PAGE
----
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DatAdvantage has a built-in report to find and eliminate global access, a major cause of data breaches. This report should be run on a regular basis to track progress and spot the rise of unauthorized global groups (recommended: weekly/last 30 days; monthly/last 180 days).

There are two configuration options to consider that provide different types of information:

Option 1:  Number of folders with global access (excludes inheriting subfolders)

This filter configuration will display only the number of protected, or non-inheriting folders with global access.

This report shows overall progress in remediating global group exposures or spotting anomalies in the number of distinct folders that are permissioned with global groups.

From the list on the left, find “No. of folders with global access,” click on it to highlight the selection, and click the “>” arrow to move it to the selection field.

Optional:  select the color of the chart using the drop-down menu.

Option 2:  Number of folders with global access (including inherited subfolders)

This report is most effective for showing how many total individual folders have been remediated, including all subfolders that previously inherited all permissions from their parent directory.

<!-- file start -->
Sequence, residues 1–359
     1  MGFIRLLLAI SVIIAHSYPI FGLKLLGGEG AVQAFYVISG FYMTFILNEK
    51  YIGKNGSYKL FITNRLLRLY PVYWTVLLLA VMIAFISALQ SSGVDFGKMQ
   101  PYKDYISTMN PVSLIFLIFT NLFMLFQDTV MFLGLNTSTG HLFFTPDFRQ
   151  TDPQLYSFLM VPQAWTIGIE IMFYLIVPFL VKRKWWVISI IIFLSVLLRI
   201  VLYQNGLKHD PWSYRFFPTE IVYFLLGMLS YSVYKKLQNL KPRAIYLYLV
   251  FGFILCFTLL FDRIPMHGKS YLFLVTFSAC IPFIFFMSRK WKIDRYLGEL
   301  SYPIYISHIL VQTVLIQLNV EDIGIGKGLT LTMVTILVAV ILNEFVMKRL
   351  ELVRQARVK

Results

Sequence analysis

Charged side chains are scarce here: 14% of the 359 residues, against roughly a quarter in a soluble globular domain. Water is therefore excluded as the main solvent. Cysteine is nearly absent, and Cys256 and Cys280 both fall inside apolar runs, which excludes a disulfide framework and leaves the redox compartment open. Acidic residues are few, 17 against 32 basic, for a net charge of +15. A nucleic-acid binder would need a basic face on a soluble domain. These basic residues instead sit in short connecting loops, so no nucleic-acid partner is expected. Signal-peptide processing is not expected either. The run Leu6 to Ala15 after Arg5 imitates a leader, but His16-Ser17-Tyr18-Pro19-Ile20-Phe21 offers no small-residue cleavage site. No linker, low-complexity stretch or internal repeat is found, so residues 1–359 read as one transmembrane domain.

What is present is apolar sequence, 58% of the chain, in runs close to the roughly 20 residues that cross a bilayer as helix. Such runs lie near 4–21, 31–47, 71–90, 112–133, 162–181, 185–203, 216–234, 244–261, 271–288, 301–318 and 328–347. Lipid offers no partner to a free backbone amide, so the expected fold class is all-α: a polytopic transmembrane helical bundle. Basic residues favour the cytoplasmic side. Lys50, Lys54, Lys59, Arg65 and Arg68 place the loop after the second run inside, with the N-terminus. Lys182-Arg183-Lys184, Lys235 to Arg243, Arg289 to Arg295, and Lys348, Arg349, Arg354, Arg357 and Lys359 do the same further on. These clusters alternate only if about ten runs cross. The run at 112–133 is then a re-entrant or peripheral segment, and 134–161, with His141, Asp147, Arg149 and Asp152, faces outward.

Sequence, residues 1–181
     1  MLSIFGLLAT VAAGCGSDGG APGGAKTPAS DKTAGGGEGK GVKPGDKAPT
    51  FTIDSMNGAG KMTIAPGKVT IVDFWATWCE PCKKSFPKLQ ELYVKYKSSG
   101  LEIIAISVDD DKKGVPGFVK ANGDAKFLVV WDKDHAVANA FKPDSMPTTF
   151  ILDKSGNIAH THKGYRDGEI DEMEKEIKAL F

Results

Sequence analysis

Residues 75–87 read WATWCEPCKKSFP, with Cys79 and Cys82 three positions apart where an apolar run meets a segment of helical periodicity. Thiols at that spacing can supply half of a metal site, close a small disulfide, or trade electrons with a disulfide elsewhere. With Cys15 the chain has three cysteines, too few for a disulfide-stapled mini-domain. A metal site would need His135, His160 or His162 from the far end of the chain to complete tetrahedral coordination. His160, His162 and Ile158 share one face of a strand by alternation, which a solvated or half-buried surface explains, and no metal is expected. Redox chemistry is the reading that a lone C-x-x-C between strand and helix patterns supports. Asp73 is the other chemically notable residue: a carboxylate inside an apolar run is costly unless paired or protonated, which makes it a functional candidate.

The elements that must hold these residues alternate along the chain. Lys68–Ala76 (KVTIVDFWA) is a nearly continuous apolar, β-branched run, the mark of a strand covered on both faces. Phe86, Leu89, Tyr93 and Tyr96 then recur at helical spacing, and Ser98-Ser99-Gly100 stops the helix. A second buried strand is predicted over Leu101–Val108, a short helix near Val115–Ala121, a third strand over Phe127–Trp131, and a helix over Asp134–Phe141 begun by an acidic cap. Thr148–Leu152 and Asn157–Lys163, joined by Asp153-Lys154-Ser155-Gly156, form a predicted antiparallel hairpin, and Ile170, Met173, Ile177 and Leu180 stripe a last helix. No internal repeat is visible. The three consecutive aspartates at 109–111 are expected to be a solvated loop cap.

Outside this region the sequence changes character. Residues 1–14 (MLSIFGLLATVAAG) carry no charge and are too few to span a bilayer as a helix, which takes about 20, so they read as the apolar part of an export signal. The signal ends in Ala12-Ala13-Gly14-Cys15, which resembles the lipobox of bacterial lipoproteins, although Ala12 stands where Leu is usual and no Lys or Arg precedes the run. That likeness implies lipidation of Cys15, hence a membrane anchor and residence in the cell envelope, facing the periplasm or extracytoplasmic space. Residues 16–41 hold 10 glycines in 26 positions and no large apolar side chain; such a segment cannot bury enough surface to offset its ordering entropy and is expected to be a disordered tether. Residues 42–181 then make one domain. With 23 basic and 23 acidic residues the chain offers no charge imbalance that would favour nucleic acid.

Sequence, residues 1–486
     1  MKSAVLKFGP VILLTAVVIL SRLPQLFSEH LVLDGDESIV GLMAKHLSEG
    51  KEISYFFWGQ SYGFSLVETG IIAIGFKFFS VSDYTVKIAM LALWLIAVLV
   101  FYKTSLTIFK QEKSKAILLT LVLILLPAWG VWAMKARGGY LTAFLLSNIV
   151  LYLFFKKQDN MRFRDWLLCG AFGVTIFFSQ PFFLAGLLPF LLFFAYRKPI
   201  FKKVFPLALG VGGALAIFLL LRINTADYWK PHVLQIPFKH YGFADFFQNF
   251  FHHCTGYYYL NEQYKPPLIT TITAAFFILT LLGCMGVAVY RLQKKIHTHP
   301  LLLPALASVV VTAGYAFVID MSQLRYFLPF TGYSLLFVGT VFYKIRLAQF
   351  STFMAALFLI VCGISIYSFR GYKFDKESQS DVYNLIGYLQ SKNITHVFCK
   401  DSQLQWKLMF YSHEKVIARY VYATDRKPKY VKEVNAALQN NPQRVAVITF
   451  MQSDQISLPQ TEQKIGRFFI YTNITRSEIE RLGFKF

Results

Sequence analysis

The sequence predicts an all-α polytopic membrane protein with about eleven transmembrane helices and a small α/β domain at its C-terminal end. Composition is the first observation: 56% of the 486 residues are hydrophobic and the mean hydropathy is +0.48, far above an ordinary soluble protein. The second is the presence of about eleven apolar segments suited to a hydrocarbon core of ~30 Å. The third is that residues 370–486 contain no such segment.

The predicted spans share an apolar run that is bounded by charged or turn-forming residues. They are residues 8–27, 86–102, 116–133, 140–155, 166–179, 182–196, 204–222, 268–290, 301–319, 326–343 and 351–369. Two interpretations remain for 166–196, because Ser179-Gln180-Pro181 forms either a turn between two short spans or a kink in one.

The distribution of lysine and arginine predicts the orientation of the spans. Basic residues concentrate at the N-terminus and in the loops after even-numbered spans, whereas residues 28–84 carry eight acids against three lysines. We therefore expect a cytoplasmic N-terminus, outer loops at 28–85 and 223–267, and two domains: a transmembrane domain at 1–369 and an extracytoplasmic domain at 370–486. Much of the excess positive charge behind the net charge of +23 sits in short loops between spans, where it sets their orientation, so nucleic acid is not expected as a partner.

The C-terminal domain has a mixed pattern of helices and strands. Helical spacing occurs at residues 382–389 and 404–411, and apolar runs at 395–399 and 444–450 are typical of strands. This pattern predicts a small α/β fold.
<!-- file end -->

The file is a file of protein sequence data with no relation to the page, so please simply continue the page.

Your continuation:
For example, if there is 1 top-level folder with a global group, but that folder contains 1000 subfolders, all inheriting, the change at the top would net a result of all 1000 subfolders.

The higher, but more dramatic drop may be useful for showing overall risk reduction.

This report is also important to trend the growth of known global group folders, to identify whether users create a lot of new folders open to everyone – an increase in potential risk.

Tips for interpreting this report

During a remediation process, you should see a line sloping downward from left to right, indicating top-level/protected folders having global groups removed.

Once the remediation is complete, the line should stabilize (ideally at 0), and remain that way over time.  Any spikes indicate creation of new folders accessible via global groups that should be investigated and potentially remediated, as they pose an increase in potential risk.

Spikes in the graph rising from left to right may indicate the addition of a global group at a high-level folder, and the propagation to subfolders, showing potential increased risk (see below.)

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